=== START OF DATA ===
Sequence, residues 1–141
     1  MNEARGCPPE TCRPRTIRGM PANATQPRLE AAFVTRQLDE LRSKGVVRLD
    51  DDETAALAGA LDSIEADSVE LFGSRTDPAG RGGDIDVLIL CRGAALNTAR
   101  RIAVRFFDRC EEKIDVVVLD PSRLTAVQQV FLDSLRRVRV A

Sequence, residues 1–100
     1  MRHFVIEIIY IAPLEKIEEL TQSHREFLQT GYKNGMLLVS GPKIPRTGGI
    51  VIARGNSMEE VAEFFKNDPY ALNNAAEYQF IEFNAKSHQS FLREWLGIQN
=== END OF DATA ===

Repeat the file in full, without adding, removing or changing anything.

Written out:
Sequence, residues 1–141
     1  MNEARGCPPE TCRPRTIRGM PANATQPRLE AAFVTRQLDE LRSKGVVRLD
    51  DDETAALAGA LDSIEADSVE LFGSRTDPAG RGGDIDVLIL CRGAALNTAR
   101  RIAVRFFDRC EEKIDVVVLD PSRLTAVQQV FLDSLRRVRV A

Sequence, residues 1–100
     1  MRHFVIEIIY IAPLEKIEEL TQSHREFLQT GYKNGMLLVS GPKIPRTGGI
    51  VIARGNSMEE VAEFFKNDPY ALNNAAEYQF IEFNAKSHQS FLREWLGIQN